It was not what the children had been led to expect because Mama had been describing it in summer, not in the winter when the trees were bare and the lake frozen. And the house was dirty – certainly not the little palace they had expected, with warm fires in every room. And where were the servants? Of the twenty or thirty servants who had served them before the war, there was only Antonina Stepanova Ratsina, the children’s nurse and governess, whom they had brought with them, Ivan Ivanovich, a giant of a man with a head of thick black hair and a beard to match, and his plump wife, Sima. They were there to welcome them and had killed a chicken to make a dinner, 
though it soon became apparent that food was no easier to come by here than it had been in Petrograd, where long queues formed every day for what little bread there was.

Two days later, Mikhail had left them to rejoin his regiment. With Ivan’s help, Anna had cultivated the patch of earth closest to the house to feed them, knowing that, according to the new laws filtering down to them from the capital, it was no longer theirs to cultivate. Anything they did not eat was the property of the state and had to be handed over, but as the area was in the hands of the counter-revolutionaries, there was no one to enforce the laws and they bartered their surplus for other things they needed, as everyone else was doing. Ivan had managed to buy a skinny horse for them so that he could take Andrei to school in the droshky. Lydia was not yet old enough to go.

It was far from the comfortable life Anna had been used to, but she had proved herself more resourceful and resilient than her husband had expected and they had established a kind of rhythm at one with the seasons. A colonel in the army, he had come home when he could, but in the last eighteen months he had only been back twice and then only for a few days at a time. It made the subsequent partings even more difficult. He had considered staying with his family, but he could not bring himself to desert as many others were doing. He wanted his wife just as she wanted him and those few days together were heartbreakingly poignant, but, loyal to the last, he had returned to duty.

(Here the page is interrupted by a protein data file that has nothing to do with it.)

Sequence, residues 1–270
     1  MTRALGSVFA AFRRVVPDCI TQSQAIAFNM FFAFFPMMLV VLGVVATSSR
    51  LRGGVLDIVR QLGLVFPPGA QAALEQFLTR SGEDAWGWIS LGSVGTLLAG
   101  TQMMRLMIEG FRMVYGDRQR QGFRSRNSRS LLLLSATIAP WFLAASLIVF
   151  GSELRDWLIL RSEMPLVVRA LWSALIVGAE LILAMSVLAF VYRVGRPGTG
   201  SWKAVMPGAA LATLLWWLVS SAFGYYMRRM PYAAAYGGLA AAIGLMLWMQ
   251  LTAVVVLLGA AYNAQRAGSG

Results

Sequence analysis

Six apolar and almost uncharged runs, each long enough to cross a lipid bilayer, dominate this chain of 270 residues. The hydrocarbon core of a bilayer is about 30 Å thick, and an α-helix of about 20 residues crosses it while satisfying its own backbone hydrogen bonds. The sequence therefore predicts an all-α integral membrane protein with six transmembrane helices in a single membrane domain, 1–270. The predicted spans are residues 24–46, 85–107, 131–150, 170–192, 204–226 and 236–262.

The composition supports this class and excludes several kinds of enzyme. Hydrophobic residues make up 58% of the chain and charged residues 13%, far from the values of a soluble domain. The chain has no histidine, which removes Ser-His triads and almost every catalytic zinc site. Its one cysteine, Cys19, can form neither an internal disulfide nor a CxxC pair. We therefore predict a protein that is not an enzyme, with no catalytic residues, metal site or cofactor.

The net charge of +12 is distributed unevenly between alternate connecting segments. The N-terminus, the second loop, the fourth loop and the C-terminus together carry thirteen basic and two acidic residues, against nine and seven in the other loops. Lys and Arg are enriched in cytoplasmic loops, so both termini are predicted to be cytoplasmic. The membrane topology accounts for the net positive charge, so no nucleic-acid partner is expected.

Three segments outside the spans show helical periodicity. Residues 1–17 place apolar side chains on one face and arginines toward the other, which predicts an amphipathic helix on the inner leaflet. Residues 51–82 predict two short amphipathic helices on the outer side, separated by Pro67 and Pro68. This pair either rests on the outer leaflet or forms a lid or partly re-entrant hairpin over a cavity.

Now even that had to end. The Constituent Assembly, formed after the Revolution under the Provisional Government, had been overthrown and there was civil war, the Red Army against the White, a war without frontiers,
where friend opposed friend, brother took up arms against brother, servant fought master and the enemy was unseen and yet everywhere. The Reds were determined to put an end to aristocratic privilege and power, and the Whites were equally determined to hold on to it. And in the middle of it all were the Greens who belonged to neither side and took advantage of whatever situation prevailed. It was chaotic and, what was more, dangerously anarchical. Mikhail felt they had jumped from the cooking pot into the flames of the fire.